As I approached half-way I began to feel stomach acid burning my throat every time I pushed harder. This forced me out of the big chain ring which the team wished me to ride in, and I therefore rode slowly on the most important part of the climb. I crossed the line in pain as I should have been, but without having felt as if I made a huge effort. I was unable to push as hard as normal, but I attributed this to the stomach acid and just reminded myself to take an antacid before I race. I was 85th on the stage.

After a rather small amount of sleep, I awoke Saturday morning prepared to face the large amount of climbing ahead of me in the second stage. We rode to the start at Aire du Jura, a tourist attraction, and were soon lining up. I had changed wheels to race on my Mavic Kysriums, which were lighter than the team’s Aksiums. Being pressed for time once again, I neglected to check that the gears were aligned the same. Within the first kilometre I had problems with ghost-shifting in all but the hardest gears. So I rode with a slow cadence as we approached the start of the climbs. On the first GPM, the road kicks up well over 10 percent and the pack seemingly fell apart. I felt strong enough to stay at the front, but the gear I was in was much too hard for the grade and when I shifted down, my gears were ghost-shifting all over. I made it to the top with a group off the back and was within reach of another chase group. They were within sight and we put in a large initial effort to join them. As the race turned once again to the climbs, we lost sight of them. Much of this was due to the lack of cohesion in my group with the chase being sporadic and poorly organised. Late in the stage as we climbed into the snow and mist near Switzerland, I found myself too strong for the group I was in. I crossed the line at the front of the group, determined to be much higher up in the next stage. It turns out my teammate Nicolas Bourdillat won the stage with Emilien Broe 4th and both in a small breakaway group. This put Emilien in the best young rider jersey and gave Nicolas the most aggressive rider jersey for his attacking. I was now in 91st and thirteen minutes back from the leader.

The third stage on Saturday afternoon was supposed to be relatively easy as it was mostly descending down from the Alps at the border with Switzerland. For the entire neutral start I rode right at the front, drafting the press motorbike. As the ‘depart reel’ got underway, I was at the front and feeling alright. I looked to Nicolas, a few kilometres later, whom I wished to help improve his good position and he said “allez Spencer”, sending me up the road to take pressure off himself in the chase. The timing was poor and I should not have listened to him as Emilien had just attacked and as I tried to open my gap over 15 seconds, we turned onto the only GPM of the afternoon. I soon was back in the pack and sliding back. I pushed hard to stay with them, but all of a sudden I just blew up. This wasn’t a normal cracking like I have experienced before. This time I had nothing to push with. I couldn’t hold onto people I should have been able to drop and quickly fell out of the caravan with only the broom-wagon behind me. I tried to push myself harder, but could not push myself. I took risks on the potentially icy roads descending from the GPM and passed another rider, giving me motivation to work harder. Still, with this motivation, I could not get my legs moving faster. Later in the stage after overtaking another rider and being overtaken by the previous motivator, I found myself at a level where I could not push past a soft-pedal or raise my heart rate above 145, which is very low for me. At approximately 15 km from the finish, I was caught by the last rider and the broom-wagon. I pulled over and stepped off the bike, getting into the sweep vehicle, inadvertently coercing the other rider to do the same. My team held the best young rider jersey, the team classification and Nicolas was second on the stage.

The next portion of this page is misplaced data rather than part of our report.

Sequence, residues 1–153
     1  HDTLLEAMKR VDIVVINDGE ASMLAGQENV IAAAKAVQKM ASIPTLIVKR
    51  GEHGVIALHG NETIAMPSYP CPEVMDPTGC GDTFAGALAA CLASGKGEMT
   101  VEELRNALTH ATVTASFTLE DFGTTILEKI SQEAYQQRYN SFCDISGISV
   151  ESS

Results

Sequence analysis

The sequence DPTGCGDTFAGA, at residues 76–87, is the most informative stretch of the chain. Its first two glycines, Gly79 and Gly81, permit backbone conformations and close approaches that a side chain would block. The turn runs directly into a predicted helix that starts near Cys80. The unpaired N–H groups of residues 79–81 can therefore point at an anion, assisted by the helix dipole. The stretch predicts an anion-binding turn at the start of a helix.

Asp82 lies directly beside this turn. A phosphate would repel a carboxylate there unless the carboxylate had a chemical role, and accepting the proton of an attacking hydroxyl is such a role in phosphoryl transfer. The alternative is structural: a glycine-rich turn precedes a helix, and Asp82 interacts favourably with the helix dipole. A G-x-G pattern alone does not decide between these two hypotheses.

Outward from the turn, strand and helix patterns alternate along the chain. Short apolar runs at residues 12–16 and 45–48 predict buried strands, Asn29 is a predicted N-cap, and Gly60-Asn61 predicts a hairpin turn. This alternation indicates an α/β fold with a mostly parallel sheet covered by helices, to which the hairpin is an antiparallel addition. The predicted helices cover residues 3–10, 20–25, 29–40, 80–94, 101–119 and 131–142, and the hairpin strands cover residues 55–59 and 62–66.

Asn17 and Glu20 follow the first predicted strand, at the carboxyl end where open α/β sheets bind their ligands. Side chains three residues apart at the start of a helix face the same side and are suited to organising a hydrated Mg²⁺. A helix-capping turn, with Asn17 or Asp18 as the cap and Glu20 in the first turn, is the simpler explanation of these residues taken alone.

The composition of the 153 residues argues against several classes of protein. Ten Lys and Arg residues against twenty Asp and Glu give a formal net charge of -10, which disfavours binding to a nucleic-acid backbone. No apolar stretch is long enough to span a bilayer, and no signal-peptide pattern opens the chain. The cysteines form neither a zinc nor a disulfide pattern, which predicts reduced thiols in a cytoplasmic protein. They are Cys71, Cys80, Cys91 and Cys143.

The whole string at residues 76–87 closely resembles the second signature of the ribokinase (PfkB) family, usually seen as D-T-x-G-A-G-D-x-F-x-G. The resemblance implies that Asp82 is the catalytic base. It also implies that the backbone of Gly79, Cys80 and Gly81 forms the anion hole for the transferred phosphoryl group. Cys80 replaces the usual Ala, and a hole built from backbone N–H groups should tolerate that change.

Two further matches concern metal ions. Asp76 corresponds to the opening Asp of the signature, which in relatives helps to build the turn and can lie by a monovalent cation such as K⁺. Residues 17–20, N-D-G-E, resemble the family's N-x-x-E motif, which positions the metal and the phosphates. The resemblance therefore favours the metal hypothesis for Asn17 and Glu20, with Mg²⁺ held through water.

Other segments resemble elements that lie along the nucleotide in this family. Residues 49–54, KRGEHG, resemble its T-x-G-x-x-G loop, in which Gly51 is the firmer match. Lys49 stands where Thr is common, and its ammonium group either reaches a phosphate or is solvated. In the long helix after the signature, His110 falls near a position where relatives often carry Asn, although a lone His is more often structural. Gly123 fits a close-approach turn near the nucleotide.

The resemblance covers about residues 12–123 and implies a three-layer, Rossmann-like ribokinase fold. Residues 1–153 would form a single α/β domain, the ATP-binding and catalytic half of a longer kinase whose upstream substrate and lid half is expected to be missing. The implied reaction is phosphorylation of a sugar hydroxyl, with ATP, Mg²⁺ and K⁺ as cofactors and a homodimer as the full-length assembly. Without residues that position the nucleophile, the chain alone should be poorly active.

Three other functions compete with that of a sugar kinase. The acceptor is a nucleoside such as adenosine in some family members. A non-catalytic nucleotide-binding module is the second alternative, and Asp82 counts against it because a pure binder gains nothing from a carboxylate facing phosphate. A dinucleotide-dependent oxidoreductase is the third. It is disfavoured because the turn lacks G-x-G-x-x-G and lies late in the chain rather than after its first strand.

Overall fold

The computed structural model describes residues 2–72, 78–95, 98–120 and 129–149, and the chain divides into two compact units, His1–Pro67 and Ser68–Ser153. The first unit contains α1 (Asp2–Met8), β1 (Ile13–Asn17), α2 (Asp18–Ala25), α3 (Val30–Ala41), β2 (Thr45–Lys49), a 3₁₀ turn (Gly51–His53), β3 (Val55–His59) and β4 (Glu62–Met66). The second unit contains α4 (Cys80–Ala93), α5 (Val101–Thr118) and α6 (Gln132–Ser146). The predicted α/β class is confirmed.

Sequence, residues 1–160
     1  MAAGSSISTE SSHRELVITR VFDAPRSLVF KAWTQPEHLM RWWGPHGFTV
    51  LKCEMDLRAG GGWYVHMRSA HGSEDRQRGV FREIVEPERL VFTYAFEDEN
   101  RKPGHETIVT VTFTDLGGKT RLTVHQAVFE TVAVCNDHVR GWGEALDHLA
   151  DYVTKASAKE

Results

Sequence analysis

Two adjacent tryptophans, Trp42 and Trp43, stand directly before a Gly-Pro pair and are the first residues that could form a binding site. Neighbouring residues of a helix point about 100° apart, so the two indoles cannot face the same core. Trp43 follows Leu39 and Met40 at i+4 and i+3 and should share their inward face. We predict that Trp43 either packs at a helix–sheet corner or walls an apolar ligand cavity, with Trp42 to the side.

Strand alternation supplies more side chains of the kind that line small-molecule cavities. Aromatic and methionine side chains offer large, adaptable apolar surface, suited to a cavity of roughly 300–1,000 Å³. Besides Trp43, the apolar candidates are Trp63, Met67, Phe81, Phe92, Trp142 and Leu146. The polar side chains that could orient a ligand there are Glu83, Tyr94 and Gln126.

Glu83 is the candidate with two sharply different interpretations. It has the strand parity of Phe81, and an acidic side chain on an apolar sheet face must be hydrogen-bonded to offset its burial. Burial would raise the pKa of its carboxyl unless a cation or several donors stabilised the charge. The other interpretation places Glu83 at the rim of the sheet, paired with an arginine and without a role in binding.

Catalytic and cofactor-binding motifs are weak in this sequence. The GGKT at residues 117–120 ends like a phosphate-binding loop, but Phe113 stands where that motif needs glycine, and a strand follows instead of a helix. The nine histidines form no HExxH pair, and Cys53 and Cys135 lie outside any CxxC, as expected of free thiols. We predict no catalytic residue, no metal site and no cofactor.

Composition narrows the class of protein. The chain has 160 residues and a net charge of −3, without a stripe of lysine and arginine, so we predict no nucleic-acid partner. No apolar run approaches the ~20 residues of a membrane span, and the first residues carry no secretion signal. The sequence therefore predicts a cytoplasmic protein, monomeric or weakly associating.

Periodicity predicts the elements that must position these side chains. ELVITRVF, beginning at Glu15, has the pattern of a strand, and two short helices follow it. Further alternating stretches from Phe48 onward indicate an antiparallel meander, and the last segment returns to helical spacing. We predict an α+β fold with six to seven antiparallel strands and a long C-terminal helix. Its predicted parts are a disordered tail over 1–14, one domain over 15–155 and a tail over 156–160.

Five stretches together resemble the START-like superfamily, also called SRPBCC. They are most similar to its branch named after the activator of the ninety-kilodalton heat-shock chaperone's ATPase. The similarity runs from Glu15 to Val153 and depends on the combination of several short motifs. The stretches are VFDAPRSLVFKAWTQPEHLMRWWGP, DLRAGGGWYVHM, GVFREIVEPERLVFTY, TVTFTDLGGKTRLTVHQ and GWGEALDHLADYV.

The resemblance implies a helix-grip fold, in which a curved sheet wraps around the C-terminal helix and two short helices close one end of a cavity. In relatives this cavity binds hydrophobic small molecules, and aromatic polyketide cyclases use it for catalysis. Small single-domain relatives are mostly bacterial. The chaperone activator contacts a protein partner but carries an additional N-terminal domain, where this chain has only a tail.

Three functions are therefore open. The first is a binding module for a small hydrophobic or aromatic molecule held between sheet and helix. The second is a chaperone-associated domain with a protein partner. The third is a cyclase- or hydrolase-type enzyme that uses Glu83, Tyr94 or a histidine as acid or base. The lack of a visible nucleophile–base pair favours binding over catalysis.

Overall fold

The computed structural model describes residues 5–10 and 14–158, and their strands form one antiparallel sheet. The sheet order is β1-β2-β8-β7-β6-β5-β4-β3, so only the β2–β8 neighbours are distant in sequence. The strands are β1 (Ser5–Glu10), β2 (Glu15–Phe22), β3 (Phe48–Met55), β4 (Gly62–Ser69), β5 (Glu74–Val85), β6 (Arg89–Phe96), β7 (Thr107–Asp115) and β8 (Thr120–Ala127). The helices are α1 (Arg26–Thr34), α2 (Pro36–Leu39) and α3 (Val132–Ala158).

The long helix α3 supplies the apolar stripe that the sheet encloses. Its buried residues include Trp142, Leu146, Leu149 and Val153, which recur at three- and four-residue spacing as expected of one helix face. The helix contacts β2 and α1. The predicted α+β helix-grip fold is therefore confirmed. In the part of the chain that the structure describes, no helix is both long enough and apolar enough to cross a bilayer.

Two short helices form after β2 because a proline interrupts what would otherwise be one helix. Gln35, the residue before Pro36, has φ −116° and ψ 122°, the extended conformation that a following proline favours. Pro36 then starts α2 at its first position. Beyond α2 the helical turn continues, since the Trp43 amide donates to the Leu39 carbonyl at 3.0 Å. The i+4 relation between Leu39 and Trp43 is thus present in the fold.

Sunday morning I woke up with ease and tried to relax while everyone prepared to race. In Arbois, we ate our lunch and before the start, headed off with our mechanic to give our riders feeds later on the course. It was interesting to follow the race by trying to show up at each successive position before the riders, but it was not my preferred way of attending a race. That night we lost all of over classifications when a breakaway got away containing none of our riders.

This week has been rather relaxing, with me off the bike to recover from overtraining. I have been able to do many things I wanted to get done as well as spend time doing different activity. Today, for instance, I went for a long walk to the park in the center of Le Creusot, which with 20 degree weather and the season, was quite beautiful. I am not hiding anything from myself anymore. I have recognised that I am under-recovered and understand the reasons it has occurred. I will have to come back slowly, but I can come back to form and be much stronger than before.


Photo credits: Grégory Oudot

Edmonton City Council Approves New Indoor Velodrome

Posted in Racing, Road on April 17, 2008 by Sarns

Provided by Alan Schietzsch – ABA President

After an all-day marathon City Council session, the velodrome project was approved in it’s current location! There was plenty of opposition to fight, and it was a very close vote, but we did it.

Thanks to everyone who helped make this happen. We just squeaked by, so props to the dedicated crew who showed up and made their presence known!

Now that we finally do have a site approved, we start work on the capital campaign, We can now get onto action putting the finances in place so we can proceed.

Please give your support to Edmonton BMX as they seek a new location too!